Start date: 2003
Proposed length: Approximately 1,800 miles
Official purpose: Prevention of infiltration
Pakistan and India achieved independence from the United Kingdom in the 1947 partition of the Indian subcontinent, and have since fought two wars (1947-48 and 1965) over the still-disputed region of Kashmir. Yet the barrier India is now building has its roots in conflict not with Muslims in Kashmir, but with Sikhs in the Indian state of Punjab. In the late 1980s, Sikh separatists in Punjab bolstered their uprising with weapons smuggled from Pakistani Punjab. (Punjab straddles the Indian-Pakistani border.) In 1989, India began construction of a barrier across the border.
With Sikhs composing about two thirds of Indian Punjab’s population, Punjab is one of the few Indian states without a Hindu majority. Another such state is Jammu and Kashmir, the only Muslim-majority state in India. While Pakistan may have provided material support to Punjabi Sikhs within India, Kashmir has always been a direct conflict between India and Pakistan. In 2002, cross-border conflict, including troop buildups and deaths on both sides of the border, raised tensions to such an extent that the world braced itself for the first-ever war between nuclear powers. A year later, Indian officials began building a barbed-wire fence across the 1972 cease-fire line, known as the Line of Control.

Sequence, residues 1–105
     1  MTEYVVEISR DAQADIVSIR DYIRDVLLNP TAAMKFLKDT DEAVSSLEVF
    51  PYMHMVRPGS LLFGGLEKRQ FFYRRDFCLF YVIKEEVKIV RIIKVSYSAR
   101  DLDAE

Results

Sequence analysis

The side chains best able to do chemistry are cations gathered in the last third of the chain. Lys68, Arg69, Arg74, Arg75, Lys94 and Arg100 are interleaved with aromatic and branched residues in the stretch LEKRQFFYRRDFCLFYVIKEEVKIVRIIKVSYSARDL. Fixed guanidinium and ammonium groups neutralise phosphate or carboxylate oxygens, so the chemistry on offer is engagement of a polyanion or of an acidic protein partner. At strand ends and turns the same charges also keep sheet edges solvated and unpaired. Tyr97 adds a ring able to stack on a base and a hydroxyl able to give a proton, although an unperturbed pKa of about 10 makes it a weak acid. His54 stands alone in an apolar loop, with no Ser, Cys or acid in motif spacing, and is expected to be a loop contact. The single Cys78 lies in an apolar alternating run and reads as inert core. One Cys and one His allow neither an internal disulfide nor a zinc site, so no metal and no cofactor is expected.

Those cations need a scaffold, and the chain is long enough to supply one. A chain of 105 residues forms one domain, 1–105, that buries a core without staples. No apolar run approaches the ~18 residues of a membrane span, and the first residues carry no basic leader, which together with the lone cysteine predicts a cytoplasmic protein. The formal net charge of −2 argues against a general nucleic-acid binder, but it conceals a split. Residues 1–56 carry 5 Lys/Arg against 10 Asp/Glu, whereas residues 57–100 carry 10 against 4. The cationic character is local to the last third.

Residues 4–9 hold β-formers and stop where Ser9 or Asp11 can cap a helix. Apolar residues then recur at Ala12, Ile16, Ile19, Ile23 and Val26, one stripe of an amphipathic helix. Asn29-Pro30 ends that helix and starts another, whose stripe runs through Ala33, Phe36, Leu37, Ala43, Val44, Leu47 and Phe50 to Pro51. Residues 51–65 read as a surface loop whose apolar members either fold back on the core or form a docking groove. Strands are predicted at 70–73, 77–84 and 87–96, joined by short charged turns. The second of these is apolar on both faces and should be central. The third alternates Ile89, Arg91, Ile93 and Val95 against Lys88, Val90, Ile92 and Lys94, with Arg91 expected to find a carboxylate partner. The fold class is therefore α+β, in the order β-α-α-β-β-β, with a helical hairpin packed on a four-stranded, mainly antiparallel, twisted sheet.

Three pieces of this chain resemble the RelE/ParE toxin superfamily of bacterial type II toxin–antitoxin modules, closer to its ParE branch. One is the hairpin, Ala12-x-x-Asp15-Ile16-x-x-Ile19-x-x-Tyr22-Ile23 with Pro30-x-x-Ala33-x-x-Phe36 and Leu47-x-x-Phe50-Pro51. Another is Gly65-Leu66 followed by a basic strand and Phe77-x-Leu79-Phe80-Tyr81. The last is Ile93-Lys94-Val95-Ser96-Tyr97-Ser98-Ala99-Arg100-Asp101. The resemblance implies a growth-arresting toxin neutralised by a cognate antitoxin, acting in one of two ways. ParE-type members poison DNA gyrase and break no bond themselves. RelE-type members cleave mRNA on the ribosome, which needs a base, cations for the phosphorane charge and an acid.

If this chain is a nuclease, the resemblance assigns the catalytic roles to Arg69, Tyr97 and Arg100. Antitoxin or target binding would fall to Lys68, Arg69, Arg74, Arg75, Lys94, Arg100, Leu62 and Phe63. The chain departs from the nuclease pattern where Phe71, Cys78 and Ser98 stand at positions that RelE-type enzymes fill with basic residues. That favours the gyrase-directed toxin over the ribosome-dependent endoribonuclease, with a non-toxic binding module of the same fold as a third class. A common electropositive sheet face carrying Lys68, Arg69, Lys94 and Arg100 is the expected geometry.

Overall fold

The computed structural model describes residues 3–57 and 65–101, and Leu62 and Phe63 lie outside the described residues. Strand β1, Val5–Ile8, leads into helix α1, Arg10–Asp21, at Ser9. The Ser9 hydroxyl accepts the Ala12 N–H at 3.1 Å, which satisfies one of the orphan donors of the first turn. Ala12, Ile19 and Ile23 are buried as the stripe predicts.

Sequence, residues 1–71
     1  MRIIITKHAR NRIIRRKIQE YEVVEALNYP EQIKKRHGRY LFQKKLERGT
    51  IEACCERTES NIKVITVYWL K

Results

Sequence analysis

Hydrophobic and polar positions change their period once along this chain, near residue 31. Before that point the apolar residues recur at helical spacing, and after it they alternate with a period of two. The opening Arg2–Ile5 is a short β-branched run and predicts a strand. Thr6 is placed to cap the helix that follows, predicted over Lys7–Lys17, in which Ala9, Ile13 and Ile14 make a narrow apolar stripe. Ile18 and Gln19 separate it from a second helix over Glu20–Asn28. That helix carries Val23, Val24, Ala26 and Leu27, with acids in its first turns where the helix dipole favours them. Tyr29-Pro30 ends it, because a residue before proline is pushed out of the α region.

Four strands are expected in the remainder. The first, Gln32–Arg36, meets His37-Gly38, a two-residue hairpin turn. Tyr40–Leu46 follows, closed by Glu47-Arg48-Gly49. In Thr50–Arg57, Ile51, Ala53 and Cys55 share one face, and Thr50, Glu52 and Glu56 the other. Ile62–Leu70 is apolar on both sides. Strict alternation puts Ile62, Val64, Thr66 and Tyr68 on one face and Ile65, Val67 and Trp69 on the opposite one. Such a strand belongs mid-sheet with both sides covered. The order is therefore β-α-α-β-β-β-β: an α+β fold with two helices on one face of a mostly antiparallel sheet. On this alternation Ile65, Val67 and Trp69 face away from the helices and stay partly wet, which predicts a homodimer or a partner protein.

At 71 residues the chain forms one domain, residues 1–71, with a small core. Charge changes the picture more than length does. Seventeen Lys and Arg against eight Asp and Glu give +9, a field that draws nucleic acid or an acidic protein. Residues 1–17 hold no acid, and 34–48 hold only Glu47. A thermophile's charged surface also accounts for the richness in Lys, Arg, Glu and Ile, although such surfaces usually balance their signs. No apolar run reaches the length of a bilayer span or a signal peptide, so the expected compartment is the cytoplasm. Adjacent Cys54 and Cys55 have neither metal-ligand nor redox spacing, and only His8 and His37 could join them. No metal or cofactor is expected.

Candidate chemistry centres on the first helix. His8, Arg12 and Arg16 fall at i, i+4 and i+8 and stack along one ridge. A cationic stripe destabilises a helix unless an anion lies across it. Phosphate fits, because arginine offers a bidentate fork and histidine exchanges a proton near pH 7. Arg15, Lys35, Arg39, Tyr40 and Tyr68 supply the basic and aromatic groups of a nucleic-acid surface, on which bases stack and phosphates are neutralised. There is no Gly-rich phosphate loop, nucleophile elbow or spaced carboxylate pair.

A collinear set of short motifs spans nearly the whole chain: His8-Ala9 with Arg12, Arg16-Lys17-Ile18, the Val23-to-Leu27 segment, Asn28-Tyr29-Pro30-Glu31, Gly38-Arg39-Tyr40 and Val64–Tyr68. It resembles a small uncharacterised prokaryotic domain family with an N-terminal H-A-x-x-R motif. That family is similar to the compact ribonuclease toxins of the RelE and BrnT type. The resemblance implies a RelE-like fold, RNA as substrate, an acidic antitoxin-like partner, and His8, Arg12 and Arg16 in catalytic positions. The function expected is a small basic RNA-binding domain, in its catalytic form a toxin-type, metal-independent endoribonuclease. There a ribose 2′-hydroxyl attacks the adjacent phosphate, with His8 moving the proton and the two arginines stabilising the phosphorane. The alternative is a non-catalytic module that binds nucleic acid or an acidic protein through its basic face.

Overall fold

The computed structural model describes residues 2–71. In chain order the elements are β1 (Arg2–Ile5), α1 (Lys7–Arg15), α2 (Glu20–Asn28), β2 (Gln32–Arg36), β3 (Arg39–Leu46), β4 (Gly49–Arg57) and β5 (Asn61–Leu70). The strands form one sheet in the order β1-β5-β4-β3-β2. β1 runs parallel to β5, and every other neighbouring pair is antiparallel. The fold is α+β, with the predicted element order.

Pakistan has objected to the barrier, arguing that the border is only temporary; India’s actions, Pakistan argues, create de facto “facts on the ground” in a disputed region whose final borders have yet to be determined. India has countered that it has every right to build on its own side of the border, and points to security concerns: where the barrier has been built, infiltration has dropped.
Eventually, India says, fences will cross the entire 1,800-mile border with Pakistan. The barrier has approximately 1,000 miles to go.